An opportunity seems to have been missed and if there is a second wave, NHS might regret not learning from the first wave.

Please do add your opinion at the rapid response section of the BMJ.

References

1. Covid-19 risk assessment in BAME staff

Covid-19 risk assessment: a futile metaphorical strip search

BMJ 2020; 370 doi: https://doi.org/10.1136/bmj.m3251 (Published 26 August 2020)

Cite this as: BMJ 2020;370:m3251

2. Physical distancing interventions and incidence of coronavirus disease 2019: natural experiment in 149 countries

BMJ 2020; 370 doi: https://doi.org/10.1136/bmj.m2743 (Published 15 July 2020)

Cite this as: BMJ 2020;370:m2743

3. Complete protection from covid-19 is possible for health workers

BMJ 2020; 370 doi: https://doi.org/10.1136/bmj.m2641 (Published 07 July 2020)

Cite this as: BMJ 2020;370:m2641

4. Two metres or one: what is the evidence for physical distancing in covid-19?

BMJ 2020; 370 doi: https://doi.org/10.1136/bmj.m3223 (Published 25 August 2020)

Cite this as: BMJ 2020;370:m3223

If you survive the Coronavirus, Can you get Coronavirus infection again ?

Yes, you can get infection again.

Last month, we had studies reporting that the immunity to Coronavirus fades quickly after recovering from an infection. The scientists have warned that re-infection is a risk.

Now, we have a case in Hong Kong where a patient seem to have been unlucky to get the infection again. It is a worrying report and suggests that coronavirus is going to be with us for a long time.

The only reassuring fact is that patient was free of symptoms during second infection. One has to hope that all re-infections are mild !

References

1. Sundar.blog. CAN YOU GET CORONAVIRUS INFECTION MORE THAN ONCE?

2. BBC. Hong Kong reports ‘first case’ of virus reinfection.

3. Clinical Infectious Diseases : report on twitter.

Disclaimer: Please note- This blog is NOT medical advice. This blog is purely for information only and do check the the sources where cited. Please consult your own doctor to discuss concerns and options relevant to you.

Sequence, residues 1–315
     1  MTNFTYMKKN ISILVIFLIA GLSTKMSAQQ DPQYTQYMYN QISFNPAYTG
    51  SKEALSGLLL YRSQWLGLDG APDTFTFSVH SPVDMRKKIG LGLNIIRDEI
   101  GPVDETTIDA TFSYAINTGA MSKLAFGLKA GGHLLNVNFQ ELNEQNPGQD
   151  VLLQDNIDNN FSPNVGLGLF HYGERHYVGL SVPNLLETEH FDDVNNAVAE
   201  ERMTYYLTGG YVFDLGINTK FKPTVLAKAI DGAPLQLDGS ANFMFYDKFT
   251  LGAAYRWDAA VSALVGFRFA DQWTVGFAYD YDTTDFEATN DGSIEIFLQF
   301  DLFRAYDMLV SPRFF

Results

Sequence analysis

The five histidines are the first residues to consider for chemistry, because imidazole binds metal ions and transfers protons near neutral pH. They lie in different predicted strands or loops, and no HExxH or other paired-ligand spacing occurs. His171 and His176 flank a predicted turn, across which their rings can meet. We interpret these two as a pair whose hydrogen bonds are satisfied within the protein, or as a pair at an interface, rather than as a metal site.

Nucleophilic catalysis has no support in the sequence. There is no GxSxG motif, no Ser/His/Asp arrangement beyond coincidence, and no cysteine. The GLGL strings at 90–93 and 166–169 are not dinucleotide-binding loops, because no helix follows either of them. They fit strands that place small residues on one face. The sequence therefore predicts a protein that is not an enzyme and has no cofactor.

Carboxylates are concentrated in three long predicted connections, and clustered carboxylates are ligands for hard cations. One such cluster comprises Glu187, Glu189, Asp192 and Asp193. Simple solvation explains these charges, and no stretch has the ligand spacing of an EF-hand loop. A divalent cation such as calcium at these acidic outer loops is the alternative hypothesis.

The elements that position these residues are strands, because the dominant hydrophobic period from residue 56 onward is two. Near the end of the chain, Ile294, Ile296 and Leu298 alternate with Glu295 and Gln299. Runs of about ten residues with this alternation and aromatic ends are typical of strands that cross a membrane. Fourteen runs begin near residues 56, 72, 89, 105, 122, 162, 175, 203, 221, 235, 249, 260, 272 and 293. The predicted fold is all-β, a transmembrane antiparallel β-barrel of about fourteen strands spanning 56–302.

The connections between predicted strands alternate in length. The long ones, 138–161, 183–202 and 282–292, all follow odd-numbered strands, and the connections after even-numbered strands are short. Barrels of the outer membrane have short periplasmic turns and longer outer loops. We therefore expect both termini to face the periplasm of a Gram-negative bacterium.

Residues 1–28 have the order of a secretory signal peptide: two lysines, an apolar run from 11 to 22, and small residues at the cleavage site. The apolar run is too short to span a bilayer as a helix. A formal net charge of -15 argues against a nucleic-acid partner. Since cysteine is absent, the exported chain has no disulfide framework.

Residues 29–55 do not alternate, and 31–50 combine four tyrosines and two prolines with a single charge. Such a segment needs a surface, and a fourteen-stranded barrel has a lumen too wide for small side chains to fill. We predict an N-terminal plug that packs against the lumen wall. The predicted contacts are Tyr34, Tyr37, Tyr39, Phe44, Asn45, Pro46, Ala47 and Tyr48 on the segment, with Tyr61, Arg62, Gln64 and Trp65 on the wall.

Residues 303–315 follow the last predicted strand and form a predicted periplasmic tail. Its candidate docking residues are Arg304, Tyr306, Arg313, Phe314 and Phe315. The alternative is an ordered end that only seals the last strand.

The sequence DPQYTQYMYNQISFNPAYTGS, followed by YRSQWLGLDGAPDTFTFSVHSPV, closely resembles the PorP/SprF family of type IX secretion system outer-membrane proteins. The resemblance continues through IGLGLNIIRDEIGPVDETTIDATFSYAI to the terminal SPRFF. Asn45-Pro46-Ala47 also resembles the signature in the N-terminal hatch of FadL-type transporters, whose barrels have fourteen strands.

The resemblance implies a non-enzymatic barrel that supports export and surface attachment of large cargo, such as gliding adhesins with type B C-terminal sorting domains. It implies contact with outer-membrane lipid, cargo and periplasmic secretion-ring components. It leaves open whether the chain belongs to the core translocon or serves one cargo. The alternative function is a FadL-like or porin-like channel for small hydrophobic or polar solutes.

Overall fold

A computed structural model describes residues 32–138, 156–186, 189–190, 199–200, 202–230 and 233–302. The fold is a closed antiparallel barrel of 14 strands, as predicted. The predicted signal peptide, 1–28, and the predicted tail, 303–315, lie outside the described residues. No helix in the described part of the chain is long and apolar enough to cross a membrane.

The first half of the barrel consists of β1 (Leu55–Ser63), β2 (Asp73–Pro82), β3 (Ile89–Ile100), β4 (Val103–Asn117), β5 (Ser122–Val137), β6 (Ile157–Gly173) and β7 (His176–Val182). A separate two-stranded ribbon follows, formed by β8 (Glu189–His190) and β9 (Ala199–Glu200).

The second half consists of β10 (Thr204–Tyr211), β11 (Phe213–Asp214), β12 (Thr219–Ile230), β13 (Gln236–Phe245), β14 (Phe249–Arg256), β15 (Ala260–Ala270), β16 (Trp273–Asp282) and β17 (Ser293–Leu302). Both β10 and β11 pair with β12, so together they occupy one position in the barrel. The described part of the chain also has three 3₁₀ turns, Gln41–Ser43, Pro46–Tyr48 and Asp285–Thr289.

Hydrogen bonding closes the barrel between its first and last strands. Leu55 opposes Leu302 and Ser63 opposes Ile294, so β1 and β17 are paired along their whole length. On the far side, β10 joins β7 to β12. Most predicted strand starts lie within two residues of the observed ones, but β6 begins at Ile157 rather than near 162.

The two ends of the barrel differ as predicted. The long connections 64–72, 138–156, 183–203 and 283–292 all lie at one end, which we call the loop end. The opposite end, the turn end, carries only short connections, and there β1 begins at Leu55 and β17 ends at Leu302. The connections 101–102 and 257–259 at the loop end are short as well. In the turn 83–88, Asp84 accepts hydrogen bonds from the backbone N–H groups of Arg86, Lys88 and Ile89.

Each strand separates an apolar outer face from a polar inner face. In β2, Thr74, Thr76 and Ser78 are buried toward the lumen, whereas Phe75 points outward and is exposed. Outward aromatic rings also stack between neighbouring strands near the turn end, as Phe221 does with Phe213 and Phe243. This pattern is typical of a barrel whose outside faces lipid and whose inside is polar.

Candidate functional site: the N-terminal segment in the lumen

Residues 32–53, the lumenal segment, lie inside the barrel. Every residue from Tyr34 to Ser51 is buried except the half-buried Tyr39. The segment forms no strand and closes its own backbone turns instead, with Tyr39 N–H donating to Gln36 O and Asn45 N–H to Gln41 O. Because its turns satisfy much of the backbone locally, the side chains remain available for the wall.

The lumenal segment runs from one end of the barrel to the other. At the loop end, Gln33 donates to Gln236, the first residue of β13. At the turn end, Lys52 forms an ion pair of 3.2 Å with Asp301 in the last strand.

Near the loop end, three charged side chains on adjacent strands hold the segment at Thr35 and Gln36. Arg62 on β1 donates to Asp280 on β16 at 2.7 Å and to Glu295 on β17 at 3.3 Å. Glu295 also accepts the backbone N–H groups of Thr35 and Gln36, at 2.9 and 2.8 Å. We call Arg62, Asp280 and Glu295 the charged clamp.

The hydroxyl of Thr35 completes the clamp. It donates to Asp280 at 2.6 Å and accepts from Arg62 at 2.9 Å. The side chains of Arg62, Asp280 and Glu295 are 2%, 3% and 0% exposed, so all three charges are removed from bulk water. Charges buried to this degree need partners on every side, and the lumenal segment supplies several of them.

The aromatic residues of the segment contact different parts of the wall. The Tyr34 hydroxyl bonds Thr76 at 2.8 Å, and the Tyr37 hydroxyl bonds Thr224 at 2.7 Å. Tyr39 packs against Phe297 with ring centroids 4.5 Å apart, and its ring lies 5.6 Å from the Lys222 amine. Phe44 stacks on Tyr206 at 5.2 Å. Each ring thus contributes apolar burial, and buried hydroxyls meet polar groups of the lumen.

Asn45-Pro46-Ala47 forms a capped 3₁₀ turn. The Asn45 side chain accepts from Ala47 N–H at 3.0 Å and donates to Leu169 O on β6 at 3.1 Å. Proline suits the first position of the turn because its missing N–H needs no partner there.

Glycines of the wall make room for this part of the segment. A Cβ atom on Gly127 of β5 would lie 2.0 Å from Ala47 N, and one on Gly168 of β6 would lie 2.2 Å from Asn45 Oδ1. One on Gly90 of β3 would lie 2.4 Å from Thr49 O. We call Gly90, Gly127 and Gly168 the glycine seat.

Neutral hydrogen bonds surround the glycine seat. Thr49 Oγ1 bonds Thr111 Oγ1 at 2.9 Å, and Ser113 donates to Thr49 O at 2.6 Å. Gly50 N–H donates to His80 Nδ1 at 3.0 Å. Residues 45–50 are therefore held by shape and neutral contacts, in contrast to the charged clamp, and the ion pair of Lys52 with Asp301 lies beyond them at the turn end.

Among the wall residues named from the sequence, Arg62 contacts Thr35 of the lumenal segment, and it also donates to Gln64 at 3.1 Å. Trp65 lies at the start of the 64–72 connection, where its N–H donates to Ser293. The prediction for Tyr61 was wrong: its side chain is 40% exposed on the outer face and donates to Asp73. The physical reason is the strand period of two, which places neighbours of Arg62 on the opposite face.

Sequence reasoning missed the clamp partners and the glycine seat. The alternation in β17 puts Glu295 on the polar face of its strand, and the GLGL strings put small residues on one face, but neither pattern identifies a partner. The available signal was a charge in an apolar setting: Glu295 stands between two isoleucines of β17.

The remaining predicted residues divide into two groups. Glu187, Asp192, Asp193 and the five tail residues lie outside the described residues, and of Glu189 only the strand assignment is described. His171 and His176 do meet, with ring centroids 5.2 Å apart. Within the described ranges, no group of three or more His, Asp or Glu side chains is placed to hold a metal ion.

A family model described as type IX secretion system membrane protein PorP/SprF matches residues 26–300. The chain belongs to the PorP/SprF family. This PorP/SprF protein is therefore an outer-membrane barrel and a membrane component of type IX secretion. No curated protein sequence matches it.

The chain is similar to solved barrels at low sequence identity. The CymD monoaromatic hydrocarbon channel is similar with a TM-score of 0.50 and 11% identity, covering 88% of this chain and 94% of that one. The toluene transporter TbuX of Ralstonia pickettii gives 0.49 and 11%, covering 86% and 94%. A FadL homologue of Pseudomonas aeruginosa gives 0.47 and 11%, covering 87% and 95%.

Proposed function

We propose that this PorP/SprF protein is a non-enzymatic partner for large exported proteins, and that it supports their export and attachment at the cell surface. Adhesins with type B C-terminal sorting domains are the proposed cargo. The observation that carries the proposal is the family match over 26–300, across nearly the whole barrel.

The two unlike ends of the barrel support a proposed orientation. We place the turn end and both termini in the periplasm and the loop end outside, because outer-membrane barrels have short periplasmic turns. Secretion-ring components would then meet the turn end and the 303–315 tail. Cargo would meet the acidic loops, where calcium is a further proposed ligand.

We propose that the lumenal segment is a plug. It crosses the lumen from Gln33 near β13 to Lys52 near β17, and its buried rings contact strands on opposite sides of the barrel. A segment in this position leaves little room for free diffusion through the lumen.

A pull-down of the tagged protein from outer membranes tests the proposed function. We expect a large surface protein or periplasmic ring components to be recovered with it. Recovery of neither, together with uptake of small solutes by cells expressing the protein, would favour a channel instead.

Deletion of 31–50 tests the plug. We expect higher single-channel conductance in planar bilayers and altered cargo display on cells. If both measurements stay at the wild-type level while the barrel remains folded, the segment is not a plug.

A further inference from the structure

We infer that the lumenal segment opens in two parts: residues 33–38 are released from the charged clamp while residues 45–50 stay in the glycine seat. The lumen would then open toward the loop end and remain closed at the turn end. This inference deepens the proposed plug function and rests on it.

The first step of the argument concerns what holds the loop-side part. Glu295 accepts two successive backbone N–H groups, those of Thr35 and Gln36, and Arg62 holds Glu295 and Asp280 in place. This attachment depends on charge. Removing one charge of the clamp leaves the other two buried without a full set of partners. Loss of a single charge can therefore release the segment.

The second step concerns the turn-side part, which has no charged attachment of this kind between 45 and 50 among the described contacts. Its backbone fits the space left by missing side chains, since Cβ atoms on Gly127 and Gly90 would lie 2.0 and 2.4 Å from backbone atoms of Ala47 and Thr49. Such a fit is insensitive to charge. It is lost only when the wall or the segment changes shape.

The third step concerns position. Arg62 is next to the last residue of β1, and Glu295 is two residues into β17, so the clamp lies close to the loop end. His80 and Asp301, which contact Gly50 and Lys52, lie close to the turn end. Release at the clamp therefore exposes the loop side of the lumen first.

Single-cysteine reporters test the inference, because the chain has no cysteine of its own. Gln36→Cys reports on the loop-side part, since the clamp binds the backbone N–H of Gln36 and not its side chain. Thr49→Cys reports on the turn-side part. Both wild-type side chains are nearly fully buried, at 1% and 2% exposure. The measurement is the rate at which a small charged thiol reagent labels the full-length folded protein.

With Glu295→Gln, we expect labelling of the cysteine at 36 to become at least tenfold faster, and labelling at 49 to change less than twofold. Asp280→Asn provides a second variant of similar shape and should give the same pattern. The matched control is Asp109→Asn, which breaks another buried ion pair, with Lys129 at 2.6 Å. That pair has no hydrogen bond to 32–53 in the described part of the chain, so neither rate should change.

The views expressed in this blog represent the author’s views held at the time of publication and is likely to change overtime, particularly when new evidence comes to light. The blog is not necessarily endorsed by any organisation the author is associated with and views are not substitute for professional advice.

Can you get Coronavirus infection more than once?

If you are one of the unlucky ones to have already been infected with Coronavirus infection but recovered from it, can you become unlucky again and get another Coronavirus infection later this year ?

Unfortunately, the answer is a YES.

Some Viral infections can sometimes lead to life long immunity. For example, most people who had chicken pox as a child tend to have lifelong immunity and it would be uncommon to get chicken pox again. (except in some circumstances).

But infection with ‘Coronavirus causing COVID-19’ doesn’t seem led to long lasting immunity or resistance to a second Coronavirus infection.

A Newspaper report on a study by a team from King’s College London suggests that susceptibility to a second infection may occur as short as 3 months in some patients. This because the level of antibodies produced by the immune system after first infection start to fade away within a few months in some patients.